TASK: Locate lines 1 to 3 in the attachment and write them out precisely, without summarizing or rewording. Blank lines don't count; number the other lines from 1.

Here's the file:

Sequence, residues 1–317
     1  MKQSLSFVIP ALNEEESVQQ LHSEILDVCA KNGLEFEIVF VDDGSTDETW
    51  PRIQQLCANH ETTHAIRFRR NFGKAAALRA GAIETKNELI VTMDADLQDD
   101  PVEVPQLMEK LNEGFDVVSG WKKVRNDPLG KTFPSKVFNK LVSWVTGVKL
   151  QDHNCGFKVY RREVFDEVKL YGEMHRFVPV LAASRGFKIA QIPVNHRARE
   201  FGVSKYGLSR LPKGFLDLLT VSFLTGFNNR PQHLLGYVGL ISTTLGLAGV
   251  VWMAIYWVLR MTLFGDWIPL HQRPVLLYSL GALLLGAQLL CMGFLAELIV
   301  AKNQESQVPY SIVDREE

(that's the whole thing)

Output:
Sequence, residues 1–317
     1  MKQSLSFVIP ALNEEESVQQ LHSEILDVCA KNGLEFEIVF VDDGSTDETW
    51  PRIQQLCANH ETTHAIRFRR NFGKAAALRA GAIETKNELI VTMDADLQDD